Second, there is an increased demand for our services — consumers want the finest doctors, specialists and sub-specialists, but they are also looking for convenience and availability. Today's busy families, with over 1 million kids in Northern California, expect high-quality care to be accessible close to where they live. Hearing the Stanford brand of care is available near home? It's a huge win for families.

Third, there is a local and national shortage of pediatric specialists and sub-specialists in America. Expanding access to our healthcare services means doctors, specialists and sub-specialists from Stanford Children's Health are readily available to provide dedicated, preeminent pediatric and obstetric care. These are doctors who have access to the latest in Stanford Medicine research and protocols. This is filling a very important community need.

Finally, it's important to note that in the Bay Area, we are the only fully integrated pediatric and obstetric network with all clinical care, from inpatient to specialty care and primary care, supported on the same information services and technology platform. This is a huge benefit to families and doctors.

Q: As the country faces a growing physician shortage, how does Stanford Children's continue to recruit top pediatricians?

CD: Our reputation for advanced care and research means a lot. There are two drivers that affect the recruitment of top pediatricians. One is that Lucile Packard Children's Hospital is a children's hospital focused exclusively on the care of children and expectant mothers. As mentioned before, we are an academic medical center, and pediatricians, now and in the future, want to be a part of one of the world's most respected health care brands and research institutions. U.S. News & World Report ranked the Stanford University School of Medicine second in the nation for medical research in 2015. It's where many of the most promising young physicians and surgeons in America want to be, both to train and to live.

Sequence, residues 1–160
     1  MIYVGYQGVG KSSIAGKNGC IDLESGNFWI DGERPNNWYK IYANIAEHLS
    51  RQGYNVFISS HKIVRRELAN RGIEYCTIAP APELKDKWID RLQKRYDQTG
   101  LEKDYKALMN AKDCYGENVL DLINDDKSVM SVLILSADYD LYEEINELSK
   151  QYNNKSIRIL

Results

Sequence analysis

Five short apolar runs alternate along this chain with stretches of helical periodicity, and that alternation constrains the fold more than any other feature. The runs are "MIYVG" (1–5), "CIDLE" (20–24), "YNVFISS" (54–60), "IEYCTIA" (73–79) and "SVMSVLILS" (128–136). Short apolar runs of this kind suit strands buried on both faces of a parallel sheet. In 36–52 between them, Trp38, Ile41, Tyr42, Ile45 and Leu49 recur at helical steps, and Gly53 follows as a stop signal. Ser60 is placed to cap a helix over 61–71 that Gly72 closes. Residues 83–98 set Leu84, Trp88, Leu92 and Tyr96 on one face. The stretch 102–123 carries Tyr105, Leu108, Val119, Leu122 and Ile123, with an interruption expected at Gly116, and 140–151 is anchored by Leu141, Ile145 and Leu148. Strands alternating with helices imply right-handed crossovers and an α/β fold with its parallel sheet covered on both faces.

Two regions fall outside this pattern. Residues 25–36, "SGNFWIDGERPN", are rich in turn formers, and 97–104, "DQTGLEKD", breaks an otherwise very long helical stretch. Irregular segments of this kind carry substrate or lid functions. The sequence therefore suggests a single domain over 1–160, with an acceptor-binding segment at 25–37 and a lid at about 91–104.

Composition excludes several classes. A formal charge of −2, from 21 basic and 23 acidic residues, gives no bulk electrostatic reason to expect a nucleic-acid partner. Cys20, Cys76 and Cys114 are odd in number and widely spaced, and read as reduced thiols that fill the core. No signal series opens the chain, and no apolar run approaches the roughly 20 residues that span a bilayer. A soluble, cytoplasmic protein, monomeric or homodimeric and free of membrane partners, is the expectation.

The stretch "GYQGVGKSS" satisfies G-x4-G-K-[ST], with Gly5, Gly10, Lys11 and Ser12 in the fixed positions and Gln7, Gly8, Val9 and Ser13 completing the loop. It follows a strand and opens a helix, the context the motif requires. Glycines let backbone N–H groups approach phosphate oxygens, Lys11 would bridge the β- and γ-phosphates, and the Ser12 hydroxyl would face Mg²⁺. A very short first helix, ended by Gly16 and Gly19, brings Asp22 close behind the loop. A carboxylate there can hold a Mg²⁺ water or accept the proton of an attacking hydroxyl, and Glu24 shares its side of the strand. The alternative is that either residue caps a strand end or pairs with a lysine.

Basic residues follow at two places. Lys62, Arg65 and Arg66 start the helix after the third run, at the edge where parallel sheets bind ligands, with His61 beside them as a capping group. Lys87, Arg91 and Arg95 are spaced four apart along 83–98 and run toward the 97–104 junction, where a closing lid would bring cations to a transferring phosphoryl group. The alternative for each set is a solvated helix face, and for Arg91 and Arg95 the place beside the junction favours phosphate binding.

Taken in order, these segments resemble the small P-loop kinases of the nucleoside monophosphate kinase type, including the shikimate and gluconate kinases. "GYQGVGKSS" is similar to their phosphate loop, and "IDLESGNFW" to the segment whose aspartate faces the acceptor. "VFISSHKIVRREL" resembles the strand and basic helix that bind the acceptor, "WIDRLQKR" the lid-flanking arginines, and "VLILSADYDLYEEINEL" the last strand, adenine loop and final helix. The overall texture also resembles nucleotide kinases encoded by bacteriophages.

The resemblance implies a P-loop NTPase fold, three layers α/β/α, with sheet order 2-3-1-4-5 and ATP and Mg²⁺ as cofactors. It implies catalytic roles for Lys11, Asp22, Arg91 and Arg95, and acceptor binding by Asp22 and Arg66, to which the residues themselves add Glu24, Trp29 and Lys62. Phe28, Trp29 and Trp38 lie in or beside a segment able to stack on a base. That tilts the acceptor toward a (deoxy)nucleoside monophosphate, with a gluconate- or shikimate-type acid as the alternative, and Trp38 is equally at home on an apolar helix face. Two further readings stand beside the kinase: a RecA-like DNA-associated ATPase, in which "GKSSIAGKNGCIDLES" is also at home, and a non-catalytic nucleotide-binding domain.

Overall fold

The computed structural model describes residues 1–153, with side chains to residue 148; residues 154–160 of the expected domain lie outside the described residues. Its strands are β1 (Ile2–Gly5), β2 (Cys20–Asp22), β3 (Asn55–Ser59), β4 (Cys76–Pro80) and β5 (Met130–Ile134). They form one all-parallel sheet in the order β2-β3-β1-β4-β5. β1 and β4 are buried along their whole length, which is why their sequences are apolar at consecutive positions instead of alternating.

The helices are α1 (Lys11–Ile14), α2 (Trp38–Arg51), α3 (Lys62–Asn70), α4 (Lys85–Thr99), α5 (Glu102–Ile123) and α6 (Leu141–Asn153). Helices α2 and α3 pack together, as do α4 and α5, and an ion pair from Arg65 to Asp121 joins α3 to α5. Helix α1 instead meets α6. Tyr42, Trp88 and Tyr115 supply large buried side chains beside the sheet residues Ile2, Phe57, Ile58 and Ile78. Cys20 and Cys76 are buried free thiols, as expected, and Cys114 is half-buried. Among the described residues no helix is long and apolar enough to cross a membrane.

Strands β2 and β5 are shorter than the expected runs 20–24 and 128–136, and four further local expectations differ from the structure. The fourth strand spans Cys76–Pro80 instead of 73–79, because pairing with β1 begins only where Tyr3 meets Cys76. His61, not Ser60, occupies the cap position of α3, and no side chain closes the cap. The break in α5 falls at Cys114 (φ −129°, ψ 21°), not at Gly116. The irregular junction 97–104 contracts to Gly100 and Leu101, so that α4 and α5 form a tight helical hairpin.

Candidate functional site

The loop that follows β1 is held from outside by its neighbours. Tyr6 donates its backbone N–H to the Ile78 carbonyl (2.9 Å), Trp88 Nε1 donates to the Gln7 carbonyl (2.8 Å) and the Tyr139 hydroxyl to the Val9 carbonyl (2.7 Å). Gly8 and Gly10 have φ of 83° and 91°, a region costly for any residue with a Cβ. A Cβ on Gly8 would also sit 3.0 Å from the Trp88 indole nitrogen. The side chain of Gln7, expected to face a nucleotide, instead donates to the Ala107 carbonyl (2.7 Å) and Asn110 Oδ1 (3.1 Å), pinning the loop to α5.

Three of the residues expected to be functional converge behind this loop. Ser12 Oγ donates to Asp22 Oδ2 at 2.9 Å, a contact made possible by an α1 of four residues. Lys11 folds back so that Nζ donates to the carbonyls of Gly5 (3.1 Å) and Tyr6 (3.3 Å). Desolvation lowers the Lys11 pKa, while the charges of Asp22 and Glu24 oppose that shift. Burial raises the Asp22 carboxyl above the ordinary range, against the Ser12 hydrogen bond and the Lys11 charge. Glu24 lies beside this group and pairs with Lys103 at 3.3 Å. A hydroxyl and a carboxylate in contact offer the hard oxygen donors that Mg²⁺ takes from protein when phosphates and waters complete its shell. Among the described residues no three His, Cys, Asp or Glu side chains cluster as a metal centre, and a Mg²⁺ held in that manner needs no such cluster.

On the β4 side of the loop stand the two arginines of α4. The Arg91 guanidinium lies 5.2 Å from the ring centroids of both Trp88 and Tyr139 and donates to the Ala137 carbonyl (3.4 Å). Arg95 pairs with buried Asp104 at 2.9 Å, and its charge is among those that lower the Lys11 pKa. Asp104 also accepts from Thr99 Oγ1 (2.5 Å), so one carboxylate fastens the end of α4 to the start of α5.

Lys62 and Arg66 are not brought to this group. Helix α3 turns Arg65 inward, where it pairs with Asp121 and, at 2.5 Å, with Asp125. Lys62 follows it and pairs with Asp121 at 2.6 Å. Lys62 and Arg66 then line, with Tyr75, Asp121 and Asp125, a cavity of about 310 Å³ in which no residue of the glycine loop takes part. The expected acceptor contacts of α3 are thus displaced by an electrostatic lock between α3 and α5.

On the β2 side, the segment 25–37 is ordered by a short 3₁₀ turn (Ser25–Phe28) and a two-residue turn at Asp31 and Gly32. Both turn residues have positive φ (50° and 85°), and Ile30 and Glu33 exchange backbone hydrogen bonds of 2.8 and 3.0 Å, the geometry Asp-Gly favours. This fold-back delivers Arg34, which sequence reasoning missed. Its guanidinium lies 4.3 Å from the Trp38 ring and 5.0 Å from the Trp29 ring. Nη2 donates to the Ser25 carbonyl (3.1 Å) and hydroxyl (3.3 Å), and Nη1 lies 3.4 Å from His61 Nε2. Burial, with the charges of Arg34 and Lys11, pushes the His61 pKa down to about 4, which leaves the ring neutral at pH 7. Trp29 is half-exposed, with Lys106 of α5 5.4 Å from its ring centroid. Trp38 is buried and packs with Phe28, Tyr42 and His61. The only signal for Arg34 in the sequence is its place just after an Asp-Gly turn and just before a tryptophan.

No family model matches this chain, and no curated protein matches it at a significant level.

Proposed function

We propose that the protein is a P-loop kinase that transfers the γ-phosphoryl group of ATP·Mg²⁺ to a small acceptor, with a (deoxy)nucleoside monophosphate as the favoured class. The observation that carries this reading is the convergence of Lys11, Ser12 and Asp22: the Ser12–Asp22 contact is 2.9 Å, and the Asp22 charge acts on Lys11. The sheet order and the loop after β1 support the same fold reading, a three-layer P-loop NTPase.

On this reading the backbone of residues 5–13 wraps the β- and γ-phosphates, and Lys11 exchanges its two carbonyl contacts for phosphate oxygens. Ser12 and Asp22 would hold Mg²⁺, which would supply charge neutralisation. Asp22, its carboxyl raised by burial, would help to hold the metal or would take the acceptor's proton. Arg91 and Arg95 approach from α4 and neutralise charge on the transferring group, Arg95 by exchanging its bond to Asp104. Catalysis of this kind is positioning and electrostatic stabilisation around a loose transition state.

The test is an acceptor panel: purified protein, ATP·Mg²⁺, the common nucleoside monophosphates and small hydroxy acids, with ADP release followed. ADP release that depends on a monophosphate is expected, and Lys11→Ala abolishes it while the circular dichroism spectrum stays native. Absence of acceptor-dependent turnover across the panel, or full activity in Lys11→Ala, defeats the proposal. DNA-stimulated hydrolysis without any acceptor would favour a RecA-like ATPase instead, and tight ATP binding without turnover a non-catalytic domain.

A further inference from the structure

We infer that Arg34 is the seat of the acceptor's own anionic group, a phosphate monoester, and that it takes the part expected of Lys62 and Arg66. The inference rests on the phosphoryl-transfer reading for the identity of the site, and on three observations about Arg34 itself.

Q: If you could change one thing tomorrow about how healthcare is delivered for children and mothers, what would it be?

CD: I think it is most important to have equal access to healthcare. While access in communities is fairly good and getting better every day, we still have a number of children and mothers who struggle to get the care and access they need. To this end, we are proud to say that we never turn anyone away, and in the most recent fiscal year, Lucile Packard Children's Hospital Stanford and Stanford Children's Health provided more than $208 million in benefits to the community.

Q: Compared to a general acute-care hospital, what challenges are unique to financing care at a pediatric hospital?

CD: From a financing perspective, what is unique about our Lucile Packard Children's Hospital is that over 40 percent of the patients we serve are sponsored or paid for by Medi-Cal and Medicaid. Historically, Medi-Cal pays substantially less than what it costs to provide this care. Therefore, in order for us to continue our success, we have to continually address financing challenges.

Q: Lucile Packard Children's Hospital is in the midst of a $1.1 billion expansion that will nearly double the hospital's size. What will this do for the community and what is the most exciting part of the expansion?

CD: Well, the demand for our services has never been greater, whether the patient is from around the corner or from around the world. That's because pediatricians at academic medical centers like Lucile Packard Children's Hospital Stanford, a teaching hospital of the Stanford University School of Medicine, are increasingly treating the sickest of kids — those who are living with lifelong, chronic illnesses that need regular and ongoing management that may not have been necessary in previous years. The demand for this type of advanced care is great and becoming greater.

To serve this population, we are building what we believe will be the most technically advanced, family-friendly and environmentally sustainable hospital for children and expectant mothers. There are many exciting parts to this expansion, which will also create a new main building for our hospital, which originally opened in 1991.

What I am most excited about is that it's being designed to really treat the whole family. This means including three-and-a-half acres of healing gardens and green space, more private rooms and spaces for families to be together during the healing process, and adding advanced imaging technologies to ensure patients no longer have to transport between locations when requiring imaging during surgery. We're also doubling the number of operating rooms and adding enough patient rooms to drastically cut family waiting times.  

And, the sustainability improvements are industry-leading. These range from alternative energy systems throughout, lighting power reductions, quiet hospital considerations, green housekeeping and more.

Finally, because technology continues to change every aspect of patient care, our hospital expansion has been designed to be adaptable enough to accommodate and anticipate new protocols and equipment as they develop. It's truly a hospital for the future.